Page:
News | Technology
23 Dec 2014 6:42
NZCity News
NZCity CalculatorReturn to NZCity

  • Start Page
  • Personalise
  • Days of Xmas
  • Sport
  • Weather
  • Finance
  • Shopping
  • Horoscopes
  • Lotto Results
  • Photo Gallery
  • Site Gallery
  • TVNow
  • Dating
  • SearchNZ
  • NZSearch
  • Crime.co.nz
  • RugbyLeague
  • Make Home
  • About NZCity
  • Contact NZCity
  • Your Privacy
  • Advertising
  • Login
  • Join for Free

  •   Home > News > Technology

    Atoll grows by 23% in 65 years

    Scientists say a Marshall Islands atoll that grew by 23 per cent in 65 years shows islands can form and grow faster than previously thought.


    A Marshall Islands atoll that grew 23 per cent in 65 years shows islands can form and grow much more rapidly than previously thought.

    And scientists say the research may be significant as sea levels continue to rise thanks to climate change, threatening low-lying atolls.

    In 1905, Nadikdik Atoll in the Marshall Islands was hit by a devastating typhoon which destroyed large sections of the reef island, and killed the entire population except two survivors.

    Scientists from the University of Auckland compared aerial photographs from 1945 with pictures from 2010, and found the vegetated area of the islands grew by 23 per cent.

    The research puts this down to sediments generated from the atoll's surrounding reef system, which was likely in a healthy condition as the atoll had been uninhabited since 1905.

    The scientists also noticed a new island grow from a sediment deposit to a fully vegetated and stable island in 61 years, and a number of separate islands form a single larger island.

    "These changes were rapid and indicate that reef island formation can occur quickly," the report said.

    Sea levels are expected to continue rising thanks to climate change, with the levels around Marshall Islands rising at about 2.2 millimetres a year since 1946.

    The report said there was considerable global interest about the future stability of the landforms given the projected sea level increases.

    Past studies have focused on the immediate impacts of extreme weather events on islands, but comparatively few studies have documented how islands have changed after the impact.

    The report was the first to note the development of new islands.


    NZN




    © 2014 NZN, NZCity


     Other Technology News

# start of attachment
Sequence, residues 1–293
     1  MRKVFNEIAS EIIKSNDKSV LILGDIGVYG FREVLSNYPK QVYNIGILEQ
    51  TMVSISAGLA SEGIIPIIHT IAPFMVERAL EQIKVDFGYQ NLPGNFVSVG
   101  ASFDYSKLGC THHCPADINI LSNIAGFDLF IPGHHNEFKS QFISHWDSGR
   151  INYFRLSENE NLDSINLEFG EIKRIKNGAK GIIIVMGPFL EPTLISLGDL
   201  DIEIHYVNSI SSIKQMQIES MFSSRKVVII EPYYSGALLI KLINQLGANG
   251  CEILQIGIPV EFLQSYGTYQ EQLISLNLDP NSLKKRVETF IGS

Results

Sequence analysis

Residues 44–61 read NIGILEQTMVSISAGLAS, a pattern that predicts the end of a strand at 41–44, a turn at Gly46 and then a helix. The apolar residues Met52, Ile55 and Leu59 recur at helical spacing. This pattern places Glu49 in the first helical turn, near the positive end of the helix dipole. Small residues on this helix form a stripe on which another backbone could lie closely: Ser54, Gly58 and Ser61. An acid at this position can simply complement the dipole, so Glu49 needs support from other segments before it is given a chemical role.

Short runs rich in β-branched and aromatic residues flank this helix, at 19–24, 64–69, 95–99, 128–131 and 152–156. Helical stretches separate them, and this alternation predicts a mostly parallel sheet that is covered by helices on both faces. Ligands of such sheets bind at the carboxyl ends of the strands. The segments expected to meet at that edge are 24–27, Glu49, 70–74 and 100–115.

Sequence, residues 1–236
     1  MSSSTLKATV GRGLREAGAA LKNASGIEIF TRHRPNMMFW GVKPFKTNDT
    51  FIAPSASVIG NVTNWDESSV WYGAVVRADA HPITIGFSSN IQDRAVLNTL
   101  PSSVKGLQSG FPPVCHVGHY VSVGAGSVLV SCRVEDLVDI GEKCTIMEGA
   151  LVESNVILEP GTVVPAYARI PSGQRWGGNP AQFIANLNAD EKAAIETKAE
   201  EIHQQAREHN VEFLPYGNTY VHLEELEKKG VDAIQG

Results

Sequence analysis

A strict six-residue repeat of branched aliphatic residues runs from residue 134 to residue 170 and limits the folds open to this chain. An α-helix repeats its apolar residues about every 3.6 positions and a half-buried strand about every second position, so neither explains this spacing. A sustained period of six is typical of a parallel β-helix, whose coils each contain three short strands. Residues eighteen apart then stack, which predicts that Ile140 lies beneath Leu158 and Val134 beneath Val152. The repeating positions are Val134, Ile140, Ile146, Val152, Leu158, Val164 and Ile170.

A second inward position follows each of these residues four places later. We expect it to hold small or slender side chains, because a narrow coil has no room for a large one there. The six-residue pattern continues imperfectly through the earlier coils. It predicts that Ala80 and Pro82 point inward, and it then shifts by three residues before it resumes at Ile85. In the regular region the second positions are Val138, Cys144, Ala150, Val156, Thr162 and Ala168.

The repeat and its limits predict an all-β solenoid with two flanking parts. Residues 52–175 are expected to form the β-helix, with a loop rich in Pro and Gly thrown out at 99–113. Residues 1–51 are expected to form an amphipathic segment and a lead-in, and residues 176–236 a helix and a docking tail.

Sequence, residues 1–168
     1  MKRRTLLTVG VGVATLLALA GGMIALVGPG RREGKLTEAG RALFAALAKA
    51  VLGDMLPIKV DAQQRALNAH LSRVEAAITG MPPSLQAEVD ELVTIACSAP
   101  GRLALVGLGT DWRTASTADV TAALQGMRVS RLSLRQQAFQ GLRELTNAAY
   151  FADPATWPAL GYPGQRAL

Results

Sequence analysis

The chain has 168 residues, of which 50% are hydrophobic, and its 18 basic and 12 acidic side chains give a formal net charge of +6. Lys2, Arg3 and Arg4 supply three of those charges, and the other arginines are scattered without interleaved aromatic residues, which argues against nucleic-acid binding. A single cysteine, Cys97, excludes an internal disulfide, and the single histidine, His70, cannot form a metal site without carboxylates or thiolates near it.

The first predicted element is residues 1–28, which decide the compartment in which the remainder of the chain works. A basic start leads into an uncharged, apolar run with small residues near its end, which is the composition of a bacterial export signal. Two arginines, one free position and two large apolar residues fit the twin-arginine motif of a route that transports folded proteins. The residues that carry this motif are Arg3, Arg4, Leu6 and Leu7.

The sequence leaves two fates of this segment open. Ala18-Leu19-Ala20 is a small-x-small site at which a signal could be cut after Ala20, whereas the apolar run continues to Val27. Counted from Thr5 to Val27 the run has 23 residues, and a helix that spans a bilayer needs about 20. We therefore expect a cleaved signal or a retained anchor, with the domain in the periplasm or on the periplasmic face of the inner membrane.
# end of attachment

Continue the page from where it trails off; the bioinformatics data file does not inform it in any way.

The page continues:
19 Dec: Internet Mana alliance officially over
     13 Dec: Mana splits from Internet Party
     12 Dec: Pesky kea helps global evolution study
     08 Dec: Commission condemns homophobic pastor
     03 Dec: Care products found in Antarctic waters
     01 Dec: Men's age, sperm linked to babies' health
     29 Nov: Science used to explain Santa and Rudolph
     Top Stories

    RUGBY RUGBY
    Nick Cummins set for Aust return: report More...


    BUSINESS BUSINESS
    Yellow faces another restructure More...



     Today's News

    Rugby:
    Nick Cummins set for Aust return: report 6:27

    Entertainment:
    Dan Stevens felt "weirdly emotional" watching 'Night at the Museum: Secret of the Tomb' following Robin Williams' death. 6:19

    Business:
    Yellow faces another restructure 21:57

    Entertainment:
    Maggie Gyllenhaal hasn't always had "good experiences" at work. 21:49

    Entertainment:
    Naomi Watts says "it's not easy watching yourself get older." 21:19

    Politics:
    PM's text messages to be investigated 21:17

    Entertainment:
    Kris Jenner is thinking about reverting to her maiden name, Kris Houghton. 20:49

    Entertainment:
    Nicki Minaj's ex-boyfriend is reportedly still devastated following their split in October. 20:19

    Entertainment:
    Natalie Portman admits she suffered a devastating break-up when she was 25. 19:49

    Entertainment:
    Owen Wilson says his sons are very close. 19:19


     News Search






    Power Search


    Click for info on advertising with WebAds
    © 2014 New Zealand City Ltd